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Smart Lander for Investigating Moon



The Smart Lander for Investigating Moon (SLIM) is a Japanese Aerospace Exploration Agency (JAXA) mission designed to demonstrate accurate lunar landing techniques by a small explorer, with the objective of acceleration of the study of the Moon and planets using lighter exploration systems. The techniques demonstrated by this mission will pave the way for future lunar sample return missions. SLIM launched on 6 September 2023 and landed on the Moon on 19 January 2024 (20 January JST).

Spacecraft and Subsystems

SLIM is an irregularly shaped cuboid 2.4 meters in height, 2.7 meters across, and 1.7 meters deep, with a dry mass of 190 kg and a fully loaded mass of 710 kg. The body is built around the propellant tank as the structural element. Power is provided by thin-film solar cells and lithium ion batteries. SLIM will carry a landing radar for the final descent and a multiband camera for mineralogical exploration of the surface, as well as a small laser retroreflector array. The landing system uses a crushable aluminum foam base to absorb impact. The propulsion system comprises two 500 N ceramic engines for orbit manuevers and twelve 22 N thrusters for attitude control. All engines and thrusters use hydrazine (N2H4)/ nitrogen tetroxide (NTO - MON-3) bipropellant, stored in a common tank separated by a bulkhead.

Lunar Excursion Vehicle (LEV) Rovers

SLIM carried two small rovers, Lunar Excursion Vehicles 1 and 2 (LEV-1 and LEV-2). LEV-1 has a mass of 2.1 kg. It was successfully deployed immediately before SLIM landed. It executed its planned hopping movements, made test communications with LEV-2, and successfully transmitted UHF band radio waves that were received on Earth. LEV-2, nicknamed SORA-Q, has a mass of 0.25 kg. It had a spherical shape with a diameter of about 8 cm at landing, and then opened into an elliptical shape with central paddles that it used to "crawl" along the surface. It was equipped with an imaging device. It also deployed prior to landing and was able to image the SLIM spacecraft on the surface.

Mission Profile

SLIM launched on September 6 at 23:42:11 UT (September 7, 8:42:11 a.m. JST) as a ride-share payload with the XRISM mission on an H2A booster from the Tanegashima Space Center in Japan. All systems were reported nominal after upper stage separation putting it on a four month journey to lunar orbit. It made a close approach, 5000 km altitude, of the Moon on October 4 at 6:47 UT and continued on an elliptical orbit that brought it back to the Moon on 25 December 2023. A thruster firing put it into a 600 x 4000 km altitude lunar polar orbit with a period of approximately 6.4 hours at 07:51 UT (16:51 JST).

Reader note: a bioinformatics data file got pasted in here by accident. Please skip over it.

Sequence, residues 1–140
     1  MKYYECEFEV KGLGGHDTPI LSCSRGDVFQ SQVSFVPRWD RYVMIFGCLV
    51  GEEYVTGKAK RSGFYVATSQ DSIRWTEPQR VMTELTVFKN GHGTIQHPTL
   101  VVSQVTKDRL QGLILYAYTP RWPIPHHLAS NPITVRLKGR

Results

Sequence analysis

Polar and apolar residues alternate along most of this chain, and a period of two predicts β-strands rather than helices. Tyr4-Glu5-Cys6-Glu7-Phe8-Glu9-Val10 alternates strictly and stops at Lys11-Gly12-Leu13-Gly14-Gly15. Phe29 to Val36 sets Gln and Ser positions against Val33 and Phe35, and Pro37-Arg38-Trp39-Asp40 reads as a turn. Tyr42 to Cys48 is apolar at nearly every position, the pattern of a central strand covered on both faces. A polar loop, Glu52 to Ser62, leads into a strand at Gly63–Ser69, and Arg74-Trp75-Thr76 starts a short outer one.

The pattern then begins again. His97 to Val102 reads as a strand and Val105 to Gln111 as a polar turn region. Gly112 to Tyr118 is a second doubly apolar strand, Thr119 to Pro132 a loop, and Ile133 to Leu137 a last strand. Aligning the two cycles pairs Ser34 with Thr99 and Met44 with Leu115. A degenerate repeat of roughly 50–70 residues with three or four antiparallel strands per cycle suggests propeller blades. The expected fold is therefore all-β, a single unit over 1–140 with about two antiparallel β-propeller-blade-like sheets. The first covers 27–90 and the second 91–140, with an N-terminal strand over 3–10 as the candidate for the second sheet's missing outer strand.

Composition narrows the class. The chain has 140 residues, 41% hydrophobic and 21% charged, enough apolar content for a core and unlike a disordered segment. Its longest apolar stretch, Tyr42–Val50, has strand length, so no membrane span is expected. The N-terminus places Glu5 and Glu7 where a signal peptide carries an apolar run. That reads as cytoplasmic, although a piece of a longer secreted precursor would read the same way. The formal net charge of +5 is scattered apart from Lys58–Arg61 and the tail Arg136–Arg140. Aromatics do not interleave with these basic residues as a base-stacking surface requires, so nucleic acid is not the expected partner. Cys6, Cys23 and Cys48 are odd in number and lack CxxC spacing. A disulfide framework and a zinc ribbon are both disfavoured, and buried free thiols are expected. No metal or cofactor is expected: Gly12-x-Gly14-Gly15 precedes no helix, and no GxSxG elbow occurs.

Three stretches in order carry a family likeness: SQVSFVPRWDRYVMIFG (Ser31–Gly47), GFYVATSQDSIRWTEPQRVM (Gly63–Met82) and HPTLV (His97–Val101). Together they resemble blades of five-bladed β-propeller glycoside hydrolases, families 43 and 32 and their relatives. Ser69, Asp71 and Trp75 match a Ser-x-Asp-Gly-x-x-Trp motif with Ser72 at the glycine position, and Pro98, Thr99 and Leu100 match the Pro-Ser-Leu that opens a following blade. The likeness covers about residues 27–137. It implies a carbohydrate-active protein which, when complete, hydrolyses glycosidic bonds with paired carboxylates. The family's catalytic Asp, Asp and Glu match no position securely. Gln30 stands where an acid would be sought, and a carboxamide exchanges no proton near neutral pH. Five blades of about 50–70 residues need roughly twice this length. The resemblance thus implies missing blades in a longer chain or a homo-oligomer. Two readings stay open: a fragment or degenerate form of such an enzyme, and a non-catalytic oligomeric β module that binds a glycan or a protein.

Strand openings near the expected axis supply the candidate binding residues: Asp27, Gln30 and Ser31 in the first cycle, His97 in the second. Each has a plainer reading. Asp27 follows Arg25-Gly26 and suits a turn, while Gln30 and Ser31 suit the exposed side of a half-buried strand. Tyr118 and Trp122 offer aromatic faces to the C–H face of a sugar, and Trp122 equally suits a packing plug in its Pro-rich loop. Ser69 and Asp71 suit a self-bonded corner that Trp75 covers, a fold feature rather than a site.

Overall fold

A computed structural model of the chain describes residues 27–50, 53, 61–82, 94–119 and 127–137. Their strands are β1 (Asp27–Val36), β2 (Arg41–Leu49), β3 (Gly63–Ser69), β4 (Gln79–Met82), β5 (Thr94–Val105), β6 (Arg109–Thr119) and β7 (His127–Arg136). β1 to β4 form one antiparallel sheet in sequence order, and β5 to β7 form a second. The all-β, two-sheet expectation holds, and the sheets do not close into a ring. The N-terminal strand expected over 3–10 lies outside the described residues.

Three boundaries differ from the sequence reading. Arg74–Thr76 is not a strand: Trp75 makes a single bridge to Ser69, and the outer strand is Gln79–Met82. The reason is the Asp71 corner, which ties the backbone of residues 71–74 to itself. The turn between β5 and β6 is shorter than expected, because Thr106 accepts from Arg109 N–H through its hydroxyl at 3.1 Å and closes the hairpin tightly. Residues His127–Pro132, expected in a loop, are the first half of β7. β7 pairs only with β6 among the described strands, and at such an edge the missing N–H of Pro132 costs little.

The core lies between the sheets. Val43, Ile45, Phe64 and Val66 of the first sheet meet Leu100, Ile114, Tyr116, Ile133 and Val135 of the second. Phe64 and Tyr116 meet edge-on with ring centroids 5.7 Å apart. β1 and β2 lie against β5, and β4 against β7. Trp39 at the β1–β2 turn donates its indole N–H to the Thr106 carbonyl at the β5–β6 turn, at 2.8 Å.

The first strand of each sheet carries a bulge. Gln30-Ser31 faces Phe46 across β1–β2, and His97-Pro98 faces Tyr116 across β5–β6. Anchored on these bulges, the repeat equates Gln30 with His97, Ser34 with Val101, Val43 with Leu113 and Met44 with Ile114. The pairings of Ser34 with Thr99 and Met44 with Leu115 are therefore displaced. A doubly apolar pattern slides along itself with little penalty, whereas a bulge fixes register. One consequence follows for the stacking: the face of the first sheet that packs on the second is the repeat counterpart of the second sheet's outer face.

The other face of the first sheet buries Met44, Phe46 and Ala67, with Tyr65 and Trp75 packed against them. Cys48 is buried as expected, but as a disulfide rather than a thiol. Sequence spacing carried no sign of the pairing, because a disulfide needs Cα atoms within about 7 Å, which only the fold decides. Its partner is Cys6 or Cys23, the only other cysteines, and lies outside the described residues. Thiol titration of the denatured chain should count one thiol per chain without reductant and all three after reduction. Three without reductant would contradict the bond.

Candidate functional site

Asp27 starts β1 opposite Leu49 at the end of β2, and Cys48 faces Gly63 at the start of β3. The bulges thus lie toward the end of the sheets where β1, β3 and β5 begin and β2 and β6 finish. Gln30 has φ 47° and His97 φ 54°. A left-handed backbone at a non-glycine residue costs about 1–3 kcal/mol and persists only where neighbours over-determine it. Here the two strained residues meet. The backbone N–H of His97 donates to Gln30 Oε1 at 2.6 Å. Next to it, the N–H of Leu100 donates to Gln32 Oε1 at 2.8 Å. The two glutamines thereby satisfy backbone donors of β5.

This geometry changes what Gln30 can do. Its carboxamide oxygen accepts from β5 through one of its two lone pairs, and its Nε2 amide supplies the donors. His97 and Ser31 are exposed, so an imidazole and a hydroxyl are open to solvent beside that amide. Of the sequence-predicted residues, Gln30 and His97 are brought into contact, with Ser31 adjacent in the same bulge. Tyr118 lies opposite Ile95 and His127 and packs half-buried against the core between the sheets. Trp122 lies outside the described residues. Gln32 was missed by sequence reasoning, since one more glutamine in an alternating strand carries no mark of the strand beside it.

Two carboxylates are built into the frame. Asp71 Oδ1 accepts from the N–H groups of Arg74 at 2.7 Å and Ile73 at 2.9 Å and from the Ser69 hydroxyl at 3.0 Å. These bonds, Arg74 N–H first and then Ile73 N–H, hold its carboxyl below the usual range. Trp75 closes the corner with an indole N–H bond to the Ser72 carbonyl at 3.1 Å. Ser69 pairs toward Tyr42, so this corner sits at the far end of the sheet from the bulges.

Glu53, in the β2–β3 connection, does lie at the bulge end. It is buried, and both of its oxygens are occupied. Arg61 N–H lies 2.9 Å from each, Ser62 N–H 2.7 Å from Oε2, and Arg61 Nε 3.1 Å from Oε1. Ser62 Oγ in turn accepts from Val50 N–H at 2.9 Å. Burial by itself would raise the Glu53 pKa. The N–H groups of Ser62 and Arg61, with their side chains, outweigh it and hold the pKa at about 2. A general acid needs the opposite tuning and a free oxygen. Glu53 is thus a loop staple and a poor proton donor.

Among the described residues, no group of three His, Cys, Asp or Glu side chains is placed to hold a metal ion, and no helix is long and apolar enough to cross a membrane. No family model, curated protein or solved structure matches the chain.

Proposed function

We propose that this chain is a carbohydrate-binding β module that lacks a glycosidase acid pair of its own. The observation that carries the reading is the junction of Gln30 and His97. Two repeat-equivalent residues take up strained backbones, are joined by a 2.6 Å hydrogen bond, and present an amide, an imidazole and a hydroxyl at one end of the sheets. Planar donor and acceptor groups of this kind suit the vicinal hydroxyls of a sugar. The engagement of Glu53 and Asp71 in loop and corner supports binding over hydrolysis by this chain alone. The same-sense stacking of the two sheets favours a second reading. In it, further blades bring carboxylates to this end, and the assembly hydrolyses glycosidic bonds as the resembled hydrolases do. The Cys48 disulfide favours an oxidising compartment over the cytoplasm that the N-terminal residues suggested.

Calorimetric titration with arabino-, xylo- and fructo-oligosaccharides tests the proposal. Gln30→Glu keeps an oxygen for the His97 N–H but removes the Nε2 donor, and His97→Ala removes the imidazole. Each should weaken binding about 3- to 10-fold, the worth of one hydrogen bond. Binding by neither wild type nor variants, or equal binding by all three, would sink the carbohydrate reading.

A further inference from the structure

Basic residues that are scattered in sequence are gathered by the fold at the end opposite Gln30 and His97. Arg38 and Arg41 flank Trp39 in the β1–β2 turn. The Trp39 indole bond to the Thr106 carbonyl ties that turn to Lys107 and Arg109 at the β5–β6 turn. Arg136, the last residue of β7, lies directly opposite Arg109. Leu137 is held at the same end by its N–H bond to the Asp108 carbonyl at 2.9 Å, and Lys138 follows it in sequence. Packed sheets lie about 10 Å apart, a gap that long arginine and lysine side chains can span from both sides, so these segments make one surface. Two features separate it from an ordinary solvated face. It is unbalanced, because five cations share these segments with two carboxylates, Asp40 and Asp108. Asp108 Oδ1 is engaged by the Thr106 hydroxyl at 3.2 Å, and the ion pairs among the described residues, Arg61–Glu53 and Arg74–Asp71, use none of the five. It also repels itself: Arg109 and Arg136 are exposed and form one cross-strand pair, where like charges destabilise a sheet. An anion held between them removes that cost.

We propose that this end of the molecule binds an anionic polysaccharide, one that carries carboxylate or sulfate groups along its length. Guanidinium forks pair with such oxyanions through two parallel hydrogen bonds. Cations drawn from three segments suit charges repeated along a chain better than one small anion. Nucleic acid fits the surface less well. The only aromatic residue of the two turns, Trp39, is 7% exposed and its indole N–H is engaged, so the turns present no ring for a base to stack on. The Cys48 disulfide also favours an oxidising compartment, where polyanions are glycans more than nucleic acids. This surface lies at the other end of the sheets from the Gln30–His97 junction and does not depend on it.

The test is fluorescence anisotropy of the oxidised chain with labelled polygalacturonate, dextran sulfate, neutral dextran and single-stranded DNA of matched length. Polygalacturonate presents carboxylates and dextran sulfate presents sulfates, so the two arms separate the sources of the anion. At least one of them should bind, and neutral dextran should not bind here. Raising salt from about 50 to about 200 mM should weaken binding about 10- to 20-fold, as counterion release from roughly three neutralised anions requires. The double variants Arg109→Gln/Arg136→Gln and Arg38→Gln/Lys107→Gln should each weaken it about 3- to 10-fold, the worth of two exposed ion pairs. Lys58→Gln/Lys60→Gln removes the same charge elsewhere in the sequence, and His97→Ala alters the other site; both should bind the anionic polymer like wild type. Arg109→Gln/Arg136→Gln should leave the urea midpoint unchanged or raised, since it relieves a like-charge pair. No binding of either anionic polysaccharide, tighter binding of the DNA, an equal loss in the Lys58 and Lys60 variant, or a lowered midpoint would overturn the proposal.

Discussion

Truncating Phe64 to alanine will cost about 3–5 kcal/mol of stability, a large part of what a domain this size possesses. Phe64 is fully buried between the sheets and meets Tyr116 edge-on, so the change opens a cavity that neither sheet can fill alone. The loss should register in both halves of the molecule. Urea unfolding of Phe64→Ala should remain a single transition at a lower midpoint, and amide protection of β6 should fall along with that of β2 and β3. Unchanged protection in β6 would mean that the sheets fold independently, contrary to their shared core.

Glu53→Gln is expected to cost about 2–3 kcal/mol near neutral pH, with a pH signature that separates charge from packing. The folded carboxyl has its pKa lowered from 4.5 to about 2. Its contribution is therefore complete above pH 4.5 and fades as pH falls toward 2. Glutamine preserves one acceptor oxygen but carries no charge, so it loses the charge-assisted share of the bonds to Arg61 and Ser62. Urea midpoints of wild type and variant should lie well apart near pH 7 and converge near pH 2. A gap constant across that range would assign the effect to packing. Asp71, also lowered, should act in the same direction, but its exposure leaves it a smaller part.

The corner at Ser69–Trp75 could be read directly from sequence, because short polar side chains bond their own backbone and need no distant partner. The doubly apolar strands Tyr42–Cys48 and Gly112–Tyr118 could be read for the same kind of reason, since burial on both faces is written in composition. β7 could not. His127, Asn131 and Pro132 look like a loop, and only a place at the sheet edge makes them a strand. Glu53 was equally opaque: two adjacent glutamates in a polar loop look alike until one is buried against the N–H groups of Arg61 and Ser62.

Over the course of about a month it trimmed its orbit into a circular, 600 x 600 km orbit, and then lowered its perilune to 15 km. A powered descent phase brought it down to 3.5 km altitude, on 20 January 2024 at 12:00 am JST (15:00 UT, January 19). Using the onboard camera, the spacecraft position with respect to the surface was determined. It then entered the vertical descent phase, descending towards the surface. At the end of this phase, it began a program of obstacle detection, to avoid any hazards at the landing site. At about 3 meters altitude the engines cut off and the lander dropped to the surface, at approximately 12:20 am JST (15:20 UT) at 25.2510 E, 13.3160 S. The landed mass was about 210 kg, landing objective was to be within 100 meters of the target point, the ejecta blanket of Shioli crater (crater centered at approximately 13.322 S, 25.232 E).

Following landing, signals were sent from and received by SLIM, but the solar cells were not charging the batteries. JAXA reports that one of the thrusters failed at about 50 meters altitude, and although SLIM landed successfully, its solar panels ended up facing westward. (The Sun was in the east at the time of landing.) Only limited battery power was available for a few hours. SLIM was powered down at 17:57 UT when the batteries reached 12%. The LEV-1 and LEV-2 rovers successfully deployed. On January 28, sunshine reached a point where it struck the solar panels, providing power, and SLIM resumed operations and communications until lunar night. Telemetry was received after the first lunar night ended and the Sun reached the solar panels, on February 25, although the Sun set on March 1 and the spacecraft was put back to sleep. The spacecraft was again operable after its second lunar night when Sun hit the solar panels on March 26, and SLIM was able to take images and send telemetry.

The Institute of Space and Astronautical Science (ISAS) SLIM page is available at:

Image credit: ISAS/JAXA

Alternate Names

  • 57803
  • SLIM
  • SmartLanderforInvestigatingMoon

Facts in Brief

Launch Date: 2023-09-06
Launch Vehicle: H-2A
Launch Site: Tanegashima, Japan
Mass: 190 kg

Funding Agency

  • Japan Aerospace Exploration Agency (Japan)


  • Planetary Science

Additional Information

Questions and comments about this spacecraft can be directed to: Dr. David R. Williams



NameRoleOriginal AffiliationE-mail
Dr. Shin-ichiro SakaiProject ManagerJapan Aerospace Exploration
[SLIM image of the Moon]
Image of SLIM on the Moon taken by LEV-2 and image taken by SLIM on 3rd lunar day
(credit JAXA)

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